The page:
This is a very popular question on various forums, but none of them exactly answered the problem for my situation, so I wanted to share my approach.
- Windows Server 2003 (local)
- Windows Server 2008 (remote)
- HP4345MFP installed on my (local) home network at IP Address 192.168.1.115 port 9100
- I’m sitting at the (local) 2003 server and when I remote desktop (RDP) into my (remote) 2008 server I want to print locally to my HP. Seems like a common use case, but I couldn’t get it work for the life of me, until today.
Fix Attempt 1 – Enable local devices (didn’t help)
Checked the box on the Remote Desktop Connection options to enable local printer devices.
Fix Attempt 2 – Try fix mentioned in article 302361 (didn’t help)
The article mentioned a registry hack, which I tried even though it said that (local) Windows Server 2003 machines were exempt from needing the fix.
Fix Attempt 3 – Install the HP4345 driver on the (remote) Windows Server 2008 (didn’t help)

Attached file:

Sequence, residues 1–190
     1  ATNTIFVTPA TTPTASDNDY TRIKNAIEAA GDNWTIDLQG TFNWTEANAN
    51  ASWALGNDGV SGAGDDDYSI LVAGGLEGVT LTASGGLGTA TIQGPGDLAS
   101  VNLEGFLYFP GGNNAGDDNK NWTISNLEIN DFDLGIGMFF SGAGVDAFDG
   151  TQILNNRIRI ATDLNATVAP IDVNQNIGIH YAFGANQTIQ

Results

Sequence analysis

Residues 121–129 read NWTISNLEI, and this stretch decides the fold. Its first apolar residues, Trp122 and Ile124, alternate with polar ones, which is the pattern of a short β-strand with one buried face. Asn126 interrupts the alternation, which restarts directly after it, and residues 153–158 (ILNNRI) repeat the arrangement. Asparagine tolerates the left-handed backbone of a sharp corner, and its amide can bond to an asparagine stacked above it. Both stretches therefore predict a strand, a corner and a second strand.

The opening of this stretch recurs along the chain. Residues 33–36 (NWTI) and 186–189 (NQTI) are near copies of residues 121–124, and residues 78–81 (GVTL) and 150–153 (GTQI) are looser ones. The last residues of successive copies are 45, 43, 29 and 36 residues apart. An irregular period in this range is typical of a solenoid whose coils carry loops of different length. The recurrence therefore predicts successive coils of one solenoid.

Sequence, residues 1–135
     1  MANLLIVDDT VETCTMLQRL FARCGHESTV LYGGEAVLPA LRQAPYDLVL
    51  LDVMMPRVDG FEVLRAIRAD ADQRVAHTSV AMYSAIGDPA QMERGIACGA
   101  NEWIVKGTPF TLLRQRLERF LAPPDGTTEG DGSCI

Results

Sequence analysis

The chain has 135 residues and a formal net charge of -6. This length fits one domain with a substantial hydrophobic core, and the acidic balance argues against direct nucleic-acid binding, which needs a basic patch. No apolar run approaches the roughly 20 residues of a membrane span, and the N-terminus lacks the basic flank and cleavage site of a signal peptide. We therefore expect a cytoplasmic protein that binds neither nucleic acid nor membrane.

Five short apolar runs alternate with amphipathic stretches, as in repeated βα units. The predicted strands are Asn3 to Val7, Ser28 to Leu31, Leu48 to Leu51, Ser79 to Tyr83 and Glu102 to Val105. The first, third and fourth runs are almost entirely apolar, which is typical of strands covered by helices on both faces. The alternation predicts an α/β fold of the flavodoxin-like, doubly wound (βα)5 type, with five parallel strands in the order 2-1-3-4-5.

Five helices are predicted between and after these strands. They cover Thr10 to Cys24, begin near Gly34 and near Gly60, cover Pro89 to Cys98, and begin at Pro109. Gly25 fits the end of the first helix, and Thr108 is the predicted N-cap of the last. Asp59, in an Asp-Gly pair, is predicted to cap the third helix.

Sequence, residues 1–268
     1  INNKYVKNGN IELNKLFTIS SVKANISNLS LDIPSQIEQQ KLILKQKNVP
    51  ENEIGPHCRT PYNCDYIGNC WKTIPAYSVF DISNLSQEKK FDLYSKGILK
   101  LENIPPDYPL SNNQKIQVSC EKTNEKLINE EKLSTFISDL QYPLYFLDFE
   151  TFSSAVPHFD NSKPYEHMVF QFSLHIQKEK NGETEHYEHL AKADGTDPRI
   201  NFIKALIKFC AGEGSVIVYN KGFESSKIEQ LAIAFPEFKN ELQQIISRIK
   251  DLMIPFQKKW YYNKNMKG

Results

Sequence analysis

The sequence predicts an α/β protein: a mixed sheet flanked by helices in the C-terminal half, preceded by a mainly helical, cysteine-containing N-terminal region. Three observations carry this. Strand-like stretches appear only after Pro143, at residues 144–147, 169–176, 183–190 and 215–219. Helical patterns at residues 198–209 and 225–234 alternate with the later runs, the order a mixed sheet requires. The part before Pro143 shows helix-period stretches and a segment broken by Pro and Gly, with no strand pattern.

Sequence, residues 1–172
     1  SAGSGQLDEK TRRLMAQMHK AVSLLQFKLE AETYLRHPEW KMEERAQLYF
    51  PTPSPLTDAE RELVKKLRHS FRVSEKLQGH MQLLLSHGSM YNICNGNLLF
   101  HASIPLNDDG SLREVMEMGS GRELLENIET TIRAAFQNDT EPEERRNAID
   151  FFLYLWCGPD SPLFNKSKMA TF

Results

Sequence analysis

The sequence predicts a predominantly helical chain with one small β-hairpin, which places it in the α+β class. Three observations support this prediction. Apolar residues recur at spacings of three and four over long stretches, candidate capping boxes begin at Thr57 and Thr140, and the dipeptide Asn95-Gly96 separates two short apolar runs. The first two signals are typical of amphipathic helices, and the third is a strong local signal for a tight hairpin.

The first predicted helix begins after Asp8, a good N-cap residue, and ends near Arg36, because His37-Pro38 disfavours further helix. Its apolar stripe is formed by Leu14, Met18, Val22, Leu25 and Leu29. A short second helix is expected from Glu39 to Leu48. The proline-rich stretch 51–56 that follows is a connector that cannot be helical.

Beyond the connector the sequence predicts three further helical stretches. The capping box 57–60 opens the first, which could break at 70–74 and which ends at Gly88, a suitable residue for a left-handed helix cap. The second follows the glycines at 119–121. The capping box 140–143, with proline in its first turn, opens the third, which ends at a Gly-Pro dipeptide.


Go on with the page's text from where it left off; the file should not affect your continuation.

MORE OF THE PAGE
This step made sense to me, because the applications local to the remote server would need to have a local driver to print against. I installed the HP LaserJet 4345 mfp PCL 5 driver, but it didn’t help. I left the driver on there.
Fix Attempt 4 – Rename the printer to the exact same name as on the local machine (didn’2013-08-28 18:17:53’t help)
I found a couple of threads that mentioned this, so I did it. I named the (remote) Windows Server 2008 printer HP the same name as the (local) Windows Server 2003 printer: HP4345MFP.
|Local HP4345MFP Properties||Remote HP4345MFP Properties|
Fix Attempt 5 – Change the port of the Remote HP4345 printer (Success!)
My last resort was going to be to configure the server to connect back through the Internet to my home network, opening up port 9100 to the world. While researching this, I came across a possible solution. Thinking that the remote desktop session would provide some hooks into my local machine’s ports, I opened the Properties window of the remote printer (as Administrator) and started going down the list of interesting ports beginning with TSXXX. Some of these were titled Inactive TS Port and some had “Gemini” in the description. Gemini is the name of my local computer, so I knew I was close. I started checking boxes and doing trial prints, until the LaserJet came to life. For me, TS003 was the winner!